What’s in the programme?

For people who’ve been to Aurora before, there are many familiar elements – artist programmes, in this case two programmes each by Jem Cohen and Milena Gierke, and one by Jon Bang Carlsen – who are each joining us to present their work. Discussion sessions with Shezad Dawood, Mark Wilsher, Beatrice Gibson, Gareth Evans, Graeme Hogg, Andrew Kotting and others.

There are three thematic programmes with work by Ben Rivers, Lucy Parker, Nick Collins, Peter Todd and others (who are also joining us). Music with Emma Pettit & Nick Luscombe (Roots & Shoots) and, finally, the brilliant Alasdair Roberts – whose work I’m crazy about – in a special double-performance with Jarman Award winner Luke Fowler.

And there’s an Open Projector event, where Festival Weekend ticket holders can elect to show their own work and discuss it without any form of pre-selection. Power to the people!

It’s very different from the standard model – along with other events like AND in Liverpool and Flatback in Birmingham. It’s a different approach, and ‘philosophy’ to showing films – would you say?

Yes, certainly when compared to ‘regular’ film festivals, and deliberately so -  although some, whilst outwardly ‘regular’, are sources of great inspiration and admiration, such as Kurzfilmtage Oberhausen. It’s been difficult at times over the past few years to deflect the calls (by funders, onlookers, curtain-twitchers) to join a ‘club’… whether, in the early years of the festival, the ‘animation’ club, or the artists’ film fraternity, or the digital meeja futurists. They all have good points, and good people, but the point of Auora has been to retain the freedom to present work from as interdisciplinary a perspective as possible. The point is not that there is no point, but that there are all points. It’s pure Zen! We’ve only partially achieved that… I mean, we haven’t presented a great many Henry Moore originals, Viennese blood-letters or beat poetry recitals – we have stuck to the moving image, by and large – but as you say, it’s more about the philosophy, about trying to move about with open eyes, than something pedantically interdisciplinary. And although it’s a bit circular, it’s also about the fact that philosophy shouldn’t be a dirty word, in the sense that a thoughtful programme and a selection of work and activities which, I’d hope, inspire thinking and the exchange of ideas, should be valuable.

Importantly, my amendment to this ‘philosophical’ take on things – which it’s taken a while to grasp – is that there’s no rule, as far as I’m aware, that dictates that thinking should preclude having fun.

I was part of a panel discussion session about the ‘future of film festivals’ (ironically enough) last year and had been saying that we shouldn’t let the word ‘festival’ be divorced too completely from its original meaning – a festival should be a celebration, an extraordinary occasion, whatever it’s about – when someone at the back of the room pleaded in a small and tired voice that we “please get away from this awful idea of ‘celebration’” – the implication being that we should return to doing ‘serious’ things. What a load of horseshit.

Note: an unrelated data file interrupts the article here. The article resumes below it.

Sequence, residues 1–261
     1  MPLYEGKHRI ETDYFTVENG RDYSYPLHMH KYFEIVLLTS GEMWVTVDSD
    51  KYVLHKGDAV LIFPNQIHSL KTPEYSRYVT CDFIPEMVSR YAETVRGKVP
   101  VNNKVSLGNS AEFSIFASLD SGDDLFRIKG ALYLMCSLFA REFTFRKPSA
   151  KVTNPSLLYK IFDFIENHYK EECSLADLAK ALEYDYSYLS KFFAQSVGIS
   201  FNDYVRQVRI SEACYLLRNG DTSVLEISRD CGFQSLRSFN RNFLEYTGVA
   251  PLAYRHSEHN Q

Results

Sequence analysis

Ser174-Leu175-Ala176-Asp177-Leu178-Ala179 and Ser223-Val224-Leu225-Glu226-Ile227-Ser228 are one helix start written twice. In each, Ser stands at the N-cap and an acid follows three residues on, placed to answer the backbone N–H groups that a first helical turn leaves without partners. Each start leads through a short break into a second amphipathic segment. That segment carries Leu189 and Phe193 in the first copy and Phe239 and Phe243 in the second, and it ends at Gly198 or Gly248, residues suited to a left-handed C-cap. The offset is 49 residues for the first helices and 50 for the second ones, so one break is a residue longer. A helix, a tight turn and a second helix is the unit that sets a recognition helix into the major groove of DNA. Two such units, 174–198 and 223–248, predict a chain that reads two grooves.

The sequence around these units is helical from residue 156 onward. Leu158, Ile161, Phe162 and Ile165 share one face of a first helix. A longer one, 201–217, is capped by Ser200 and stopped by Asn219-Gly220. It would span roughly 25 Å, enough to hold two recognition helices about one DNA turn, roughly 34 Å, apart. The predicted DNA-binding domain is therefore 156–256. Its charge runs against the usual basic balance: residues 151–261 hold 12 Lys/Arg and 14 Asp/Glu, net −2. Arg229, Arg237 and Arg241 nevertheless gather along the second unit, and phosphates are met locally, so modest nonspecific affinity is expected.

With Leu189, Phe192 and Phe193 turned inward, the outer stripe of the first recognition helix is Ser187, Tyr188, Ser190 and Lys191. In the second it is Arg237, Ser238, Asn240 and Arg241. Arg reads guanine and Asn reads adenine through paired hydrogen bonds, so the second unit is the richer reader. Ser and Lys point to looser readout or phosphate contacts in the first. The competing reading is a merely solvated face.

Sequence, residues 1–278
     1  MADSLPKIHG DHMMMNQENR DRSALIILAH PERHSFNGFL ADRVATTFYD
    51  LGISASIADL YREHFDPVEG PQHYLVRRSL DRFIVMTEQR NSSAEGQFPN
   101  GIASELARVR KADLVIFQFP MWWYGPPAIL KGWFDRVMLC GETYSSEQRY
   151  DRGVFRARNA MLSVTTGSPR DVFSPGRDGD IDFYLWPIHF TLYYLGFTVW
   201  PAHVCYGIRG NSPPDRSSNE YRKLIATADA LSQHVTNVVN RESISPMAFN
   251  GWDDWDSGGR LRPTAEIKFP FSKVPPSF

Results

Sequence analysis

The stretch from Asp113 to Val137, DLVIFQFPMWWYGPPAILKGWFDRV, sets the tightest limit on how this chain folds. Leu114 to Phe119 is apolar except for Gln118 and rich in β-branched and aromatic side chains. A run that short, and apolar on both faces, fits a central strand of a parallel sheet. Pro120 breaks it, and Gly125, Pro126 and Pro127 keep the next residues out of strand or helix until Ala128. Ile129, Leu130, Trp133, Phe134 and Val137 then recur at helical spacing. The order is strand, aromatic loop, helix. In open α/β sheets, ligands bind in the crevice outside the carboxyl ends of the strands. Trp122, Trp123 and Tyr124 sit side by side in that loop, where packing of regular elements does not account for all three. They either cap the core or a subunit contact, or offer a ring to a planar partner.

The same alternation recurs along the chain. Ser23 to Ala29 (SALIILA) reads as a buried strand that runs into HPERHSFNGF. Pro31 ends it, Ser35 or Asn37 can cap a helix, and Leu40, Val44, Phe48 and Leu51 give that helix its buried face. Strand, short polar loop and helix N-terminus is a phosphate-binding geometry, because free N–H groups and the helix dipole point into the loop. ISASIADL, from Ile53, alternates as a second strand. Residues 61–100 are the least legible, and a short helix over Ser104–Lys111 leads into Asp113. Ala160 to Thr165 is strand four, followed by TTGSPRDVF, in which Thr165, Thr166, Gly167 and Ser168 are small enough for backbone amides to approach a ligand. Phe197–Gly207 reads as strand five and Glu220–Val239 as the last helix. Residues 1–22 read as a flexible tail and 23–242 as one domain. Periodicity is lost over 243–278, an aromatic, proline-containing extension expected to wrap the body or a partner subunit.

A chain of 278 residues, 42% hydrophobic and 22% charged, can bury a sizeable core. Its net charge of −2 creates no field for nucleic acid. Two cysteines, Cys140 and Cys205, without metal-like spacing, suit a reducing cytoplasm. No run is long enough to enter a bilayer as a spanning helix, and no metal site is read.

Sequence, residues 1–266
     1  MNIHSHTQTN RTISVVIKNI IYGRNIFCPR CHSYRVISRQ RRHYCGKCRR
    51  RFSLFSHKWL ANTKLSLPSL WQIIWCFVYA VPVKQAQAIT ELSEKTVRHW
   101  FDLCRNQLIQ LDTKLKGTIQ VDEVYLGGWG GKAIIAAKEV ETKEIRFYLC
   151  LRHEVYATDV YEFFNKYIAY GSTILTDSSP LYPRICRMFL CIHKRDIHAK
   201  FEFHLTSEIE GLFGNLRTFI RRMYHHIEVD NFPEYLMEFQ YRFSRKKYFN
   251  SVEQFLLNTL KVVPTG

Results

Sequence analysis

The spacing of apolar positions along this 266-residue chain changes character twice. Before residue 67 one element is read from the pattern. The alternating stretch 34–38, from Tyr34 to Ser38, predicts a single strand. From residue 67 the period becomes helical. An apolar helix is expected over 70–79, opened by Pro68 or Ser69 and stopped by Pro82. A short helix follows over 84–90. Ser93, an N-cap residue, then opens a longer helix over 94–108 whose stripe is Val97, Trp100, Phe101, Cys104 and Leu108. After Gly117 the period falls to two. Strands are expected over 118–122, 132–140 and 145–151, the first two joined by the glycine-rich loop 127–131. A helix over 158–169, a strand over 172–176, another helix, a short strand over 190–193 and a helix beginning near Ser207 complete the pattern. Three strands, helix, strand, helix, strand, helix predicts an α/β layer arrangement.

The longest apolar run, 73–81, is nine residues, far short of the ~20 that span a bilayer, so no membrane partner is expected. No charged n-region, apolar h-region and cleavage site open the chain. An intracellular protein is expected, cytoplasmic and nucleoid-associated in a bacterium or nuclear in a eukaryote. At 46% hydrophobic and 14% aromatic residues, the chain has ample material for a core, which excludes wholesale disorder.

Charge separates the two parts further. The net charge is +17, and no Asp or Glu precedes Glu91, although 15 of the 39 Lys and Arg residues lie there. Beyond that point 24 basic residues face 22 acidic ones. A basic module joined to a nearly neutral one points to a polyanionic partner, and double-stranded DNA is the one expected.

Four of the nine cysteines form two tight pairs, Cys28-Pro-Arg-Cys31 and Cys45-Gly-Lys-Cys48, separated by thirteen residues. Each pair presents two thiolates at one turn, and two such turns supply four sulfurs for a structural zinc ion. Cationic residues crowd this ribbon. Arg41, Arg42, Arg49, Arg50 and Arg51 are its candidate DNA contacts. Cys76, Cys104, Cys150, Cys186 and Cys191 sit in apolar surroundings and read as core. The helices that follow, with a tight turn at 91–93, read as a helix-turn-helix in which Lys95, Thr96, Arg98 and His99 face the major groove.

Aurora had developed remarkably in just three years, so it’s incredible that you’ve announced it as ‘the last ever edition’. How can that be?

I’m still trying to figure out how it can be myself, to be honest. The complete story is pretty convoluted and quite dull to repeat here. I should be tactful and say something about ‘adjusted priorities’ and ‘unforeseen fiscal shortfall scenarios’ but the short and tactless version is this: we’ve been stuffed and stitched up by a group of patsy middle-managers who know next to nothing about the festival, or festivals.

The slightly longer version is that we heard from the institution where we’re based (Norwich University College of the Arts) last December that one of our core funders, whose funds the college managed and which paid for our salaries, was due to be wound up at the end of 2009, so we’d need to find another source of core funding. I started to research it, and it became clear that a likely source of funding was available, and that other funders would open up sources of funding in response, too. Then there was a change of management at the college, and the ‘economic crisis’ began to bite, and they changed their mind within a month to tell us that we could no longer apply for funding.

So we’re in the strange position that we could have found the money but have been prevented from doing so, because we’re tied to the organisation – who also control the independent company and charity which is the festival’s legal entity. A bit murky, really, and most frustrating – because our hands have been tied, to the extent that we weren’t even allowed to announce the festival’s end properly – and above all, because AURORA had so far to go. It’s only three years old, as you say: I’d have liked to see it grow a bit older and manage to do more, but alas, it looks as though that’s impossible. The college have trademarked the name, too: I’m not sure quite why, or how – but that’s that. I’m tempted to start ORORA in Northwich but I fear the solicitors too much.

There are some ways in which it’s positive. Festivals need fresh ideas every so often – so whilst there’ll be no fresh ideas (or any ideas, for that matter) the festival at least won’t ossify or turn into an ego-trip; and being forced to re-think personal direction, whilst scary, is quite cathartic. It forces you to think about what’s really necessary; what’s really important — and if anything similar to AURORA did emerge again in future, it’ll call the shots itself and not be prey to an executive leather-chair power fantasy. So there!

Aurora runs from 5-15 November at various venues across Norwich.